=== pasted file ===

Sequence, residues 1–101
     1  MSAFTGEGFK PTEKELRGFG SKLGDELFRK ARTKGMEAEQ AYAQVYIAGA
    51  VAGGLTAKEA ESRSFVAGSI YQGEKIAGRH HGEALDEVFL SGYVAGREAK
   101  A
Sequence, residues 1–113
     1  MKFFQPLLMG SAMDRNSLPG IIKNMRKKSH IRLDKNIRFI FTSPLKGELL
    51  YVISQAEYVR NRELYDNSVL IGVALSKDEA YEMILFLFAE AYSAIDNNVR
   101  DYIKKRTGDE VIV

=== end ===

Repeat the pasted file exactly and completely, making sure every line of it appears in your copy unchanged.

Sequence, residues 1–101
     1  MSAFTGEGFK PTEKELRGFG SKLGDELFRK ARTKGMEAEQ AYAQVYIAGA
    51  VAGGLTAKEA ESRSFVAGSI YQGEKIAGRH HGEALDEVFL SGYVAGREAK
   101  A
Sequence, residues 1–113
     1  MKFFQPLLMG SAMDRNSLPG IIKNMRKKSH IRLDKNIRFI FTSPLKGELL
    51  YVISQAEYVR NRELYDNSVL IGVALSKDEA YEMILFLFAE AYSAIDNNVR
   101  DYIKKRTGDE VIV